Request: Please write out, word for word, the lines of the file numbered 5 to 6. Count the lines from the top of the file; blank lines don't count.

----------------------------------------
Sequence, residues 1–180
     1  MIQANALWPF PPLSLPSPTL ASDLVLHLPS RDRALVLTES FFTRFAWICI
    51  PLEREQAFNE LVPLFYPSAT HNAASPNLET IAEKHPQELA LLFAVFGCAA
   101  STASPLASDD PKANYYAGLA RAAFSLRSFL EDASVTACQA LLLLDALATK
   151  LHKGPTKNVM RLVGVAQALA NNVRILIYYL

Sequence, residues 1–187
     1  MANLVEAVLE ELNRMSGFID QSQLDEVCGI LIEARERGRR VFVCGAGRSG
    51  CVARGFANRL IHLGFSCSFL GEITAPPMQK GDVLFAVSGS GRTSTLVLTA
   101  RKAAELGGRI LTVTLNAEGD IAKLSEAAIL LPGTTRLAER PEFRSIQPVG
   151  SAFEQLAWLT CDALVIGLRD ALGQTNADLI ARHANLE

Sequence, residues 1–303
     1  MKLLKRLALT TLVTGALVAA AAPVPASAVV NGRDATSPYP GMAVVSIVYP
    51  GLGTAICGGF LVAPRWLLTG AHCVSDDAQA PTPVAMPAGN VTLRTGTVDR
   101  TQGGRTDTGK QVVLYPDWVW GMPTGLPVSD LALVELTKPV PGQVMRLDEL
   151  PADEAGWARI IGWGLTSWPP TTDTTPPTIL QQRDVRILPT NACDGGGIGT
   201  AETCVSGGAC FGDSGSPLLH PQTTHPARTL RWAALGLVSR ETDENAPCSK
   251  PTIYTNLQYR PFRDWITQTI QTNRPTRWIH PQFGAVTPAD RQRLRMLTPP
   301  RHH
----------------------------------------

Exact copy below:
   151  LHKGPTKNVM RLVGVAQALA NNVRILIYYL

Sequence, residues 1–187